It seems that credit card fraud and major retailer breaches are just a part of our everyday life now. As these attacks continue and hit more often, the best thing you can do is to be informed on how to prevent and minimize the damage.
It’s easy for investors to become a con artist’s mark, according to financial advisors. Many of the victims scammed in Bernie Madoff’s $65 billion Ponzi scheme were sophisticated at investing. Very sophisticated. One such person – a former trader – invested because he played basketball with Madoff’s accountant.
If successful people are prone to invest in fraudulent private companies, what is the common investor to do? Is there any hope for the average person to invest in private companies and not be ripped off? Here are some tips and red flags to look for before investing.
More than 16.6 million people fell victim to identity theft in 2012 and lost a total of $24.7 billion, the Bureau of Justice Statistics says. If you don’t want to be one of them, prevention is simpler – and cheaper – than is a cure. Here are a dozen ways to help do that.
With technology come the cyber criminals who steal your identity, credit card numbers and bank account information. While you can’t eliminate all identity theft threats, you can reduce the risk with extra precautions.
What happens to all your online accounts when you pass away? In this age where we manage all financial matters online, a digital control plan with a list of accounts and passwords saves your loved ones unnecessary hassles.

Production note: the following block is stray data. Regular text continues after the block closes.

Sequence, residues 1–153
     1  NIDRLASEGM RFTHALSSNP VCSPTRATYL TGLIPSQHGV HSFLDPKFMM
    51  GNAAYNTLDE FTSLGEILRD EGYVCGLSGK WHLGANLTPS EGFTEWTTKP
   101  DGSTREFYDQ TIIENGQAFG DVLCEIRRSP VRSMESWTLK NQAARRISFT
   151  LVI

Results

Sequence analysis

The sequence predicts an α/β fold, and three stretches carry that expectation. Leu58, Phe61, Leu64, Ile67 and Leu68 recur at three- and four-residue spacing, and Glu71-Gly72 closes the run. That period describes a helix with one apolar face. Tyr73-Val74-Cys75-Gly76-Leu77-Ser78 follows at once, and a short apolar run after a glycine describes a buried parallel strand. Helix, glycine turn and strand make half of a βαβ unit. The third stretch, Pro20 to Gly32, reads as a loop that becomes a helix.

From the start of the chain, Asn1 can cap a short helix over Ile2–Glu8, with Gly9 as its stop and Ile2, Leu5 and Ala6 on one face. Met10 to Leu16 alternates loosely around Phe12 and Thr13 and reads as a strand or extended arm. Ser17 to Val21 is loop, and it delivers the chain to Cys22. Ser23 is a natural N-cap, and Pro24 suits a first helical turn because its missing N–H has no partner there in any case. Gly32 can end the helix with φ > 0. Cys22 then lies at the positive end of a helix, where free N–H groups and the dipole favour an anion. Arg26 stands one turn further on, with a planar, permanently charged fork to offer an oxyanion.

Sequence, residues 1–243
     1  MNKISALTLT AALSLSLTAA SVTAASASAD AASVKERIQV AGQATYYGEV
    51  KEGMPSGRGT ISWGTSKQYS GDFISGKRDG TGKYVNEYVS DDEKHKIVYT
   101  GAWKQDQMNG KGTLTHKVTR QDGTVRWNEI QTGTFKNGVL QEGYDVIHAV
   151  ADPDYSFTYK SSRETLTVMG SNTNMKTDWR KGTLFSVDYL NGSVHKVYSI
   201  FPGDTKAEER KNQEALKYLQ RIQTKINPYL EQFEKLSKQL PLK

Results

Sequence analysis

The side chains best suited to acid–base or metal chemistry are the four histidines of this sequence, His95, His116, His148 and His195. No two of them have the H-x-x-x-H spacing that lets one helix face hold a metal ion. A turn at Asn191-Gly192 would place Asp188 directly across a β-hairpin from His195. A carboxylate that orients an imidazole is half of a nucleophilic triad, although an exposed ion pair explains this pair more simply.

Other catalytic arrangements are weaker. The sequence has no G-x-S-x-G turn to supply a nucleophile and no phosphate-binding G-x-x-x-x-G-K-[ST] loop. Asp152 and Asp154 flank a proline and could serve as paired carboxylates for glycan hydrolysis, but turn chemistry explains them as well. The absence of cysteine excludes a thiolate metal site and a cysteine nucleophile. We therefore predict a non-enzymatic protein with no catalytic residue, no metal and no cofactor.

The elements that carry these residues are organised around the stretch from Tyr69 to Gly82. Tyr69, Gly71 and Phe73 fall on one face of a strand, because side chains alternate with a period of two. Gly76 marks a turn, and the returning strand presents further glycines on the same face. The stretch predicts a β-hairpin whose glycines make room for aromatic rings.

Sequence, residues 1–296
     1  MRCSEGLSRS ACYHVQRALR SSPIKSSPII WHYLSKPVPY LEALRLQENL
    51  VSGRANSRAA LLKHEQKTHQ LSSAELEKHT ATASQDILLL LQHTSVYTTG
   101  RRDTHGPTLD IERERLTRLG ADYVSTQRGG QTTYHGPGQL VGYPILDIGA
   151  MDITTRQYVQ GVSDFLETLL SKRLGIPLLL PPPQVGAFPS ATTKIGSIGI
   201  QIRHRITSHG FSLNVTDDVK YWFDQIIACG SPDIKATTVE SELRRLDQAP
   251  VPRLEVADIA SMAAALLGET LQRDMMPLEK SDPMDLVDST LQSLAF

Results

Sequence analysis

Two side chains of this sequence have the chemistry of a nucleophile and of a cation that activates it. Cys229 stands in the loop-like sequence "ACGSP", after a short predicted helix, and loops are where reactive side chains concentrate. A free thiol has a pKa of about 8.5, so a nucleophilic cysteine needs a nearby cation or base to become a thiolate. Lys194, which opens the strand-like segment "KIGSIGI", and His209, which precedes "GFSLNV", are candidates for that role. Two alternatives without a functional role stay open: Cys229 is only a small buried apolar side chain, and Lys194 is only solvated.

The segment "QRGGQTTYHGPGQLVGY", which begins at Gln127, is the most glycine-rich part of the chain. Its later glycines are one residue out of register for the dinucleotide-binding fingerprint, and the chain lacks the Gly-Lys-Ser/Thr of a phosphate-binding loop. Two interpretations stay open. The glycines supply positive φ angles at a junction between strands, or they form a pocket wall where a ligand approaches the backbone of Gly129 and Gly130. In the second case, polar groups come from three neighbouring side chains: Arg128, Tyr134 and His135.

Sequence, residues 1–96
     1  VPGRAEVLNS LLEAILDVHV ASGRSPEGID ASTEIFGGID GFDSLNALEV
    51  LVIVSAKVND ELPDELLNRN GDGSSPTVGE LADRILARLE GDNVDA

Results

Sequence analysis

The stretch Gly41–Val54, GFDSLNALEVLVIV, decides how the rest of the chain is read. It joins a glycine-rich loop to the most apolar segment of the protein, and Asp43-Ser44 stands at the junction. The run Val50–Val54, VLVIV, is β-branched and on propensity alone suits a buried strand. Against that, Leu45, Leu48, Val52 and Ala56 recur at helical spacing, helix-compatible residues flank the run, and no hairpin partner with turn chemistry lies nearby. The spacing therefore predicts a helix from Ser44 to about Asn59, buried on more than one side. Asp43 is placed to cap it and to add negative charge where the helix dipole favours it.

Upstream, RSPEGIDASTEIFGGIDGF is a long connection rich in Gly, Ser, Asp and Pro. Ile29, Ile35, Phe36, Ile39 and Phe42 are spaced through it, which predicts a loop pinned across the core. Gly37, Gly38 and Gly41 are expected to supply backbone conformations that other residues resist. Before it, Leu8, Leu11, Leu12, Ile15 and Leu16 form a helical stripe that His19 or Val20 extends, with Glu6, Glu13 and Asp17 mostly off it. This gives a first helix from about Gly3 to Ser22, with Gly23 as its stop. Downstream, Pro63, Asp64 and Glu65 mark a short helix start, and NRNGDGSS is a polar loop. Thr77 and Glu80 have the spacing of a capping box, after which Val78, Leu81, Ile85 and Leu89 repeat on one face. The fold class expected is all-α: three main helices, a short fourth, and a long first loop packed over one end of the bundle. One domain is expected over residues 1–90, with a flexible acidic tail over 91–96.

My best friend died two years ago. I still miss him. We had a mutual pact. I had a sealed envelope and an encrypted hard drive in my friend’s gun safe eight miles away from my home office. He had a sealed envelope in my safe in my garage.
Companies lose around 5% of revenues each year to employee theft, according to an annual report of the Association of Certified Fraud Examiners. Small businesses are especially vulnerable because they lack of proper controls. As a business owner, however much you trust your employees, you need basic strategies to reduce your risk of becoming a victim.
Identity theft is rampant. You can become a victim not only after carelessly using passwords and your personal information but also if you’re in the wrong electronic place at the wrong time, such during Target stores’ data breach last holiday season. You have little information more sensitive than that you write – and sometimes send electronically – on your tax return.
We maintain online accounts for essentially everything – banking, investments, shopping, email and the list goes on. As much of this information is private and sensitive, you must take online security and password protection seriously.
Imagine being able to trade stocks and knowing that you will make a profit every day. Of course, for the average investor, this is impossible. But mega-banks aren’t average investors. They do it with super-fast computers – and no scruples.
Did the Internal Revenue Service reject your tax return? Maybe you screwed up. Maybe too someone else filed using your Social Security number (SSN) – a mushrooming scam you now must guard against.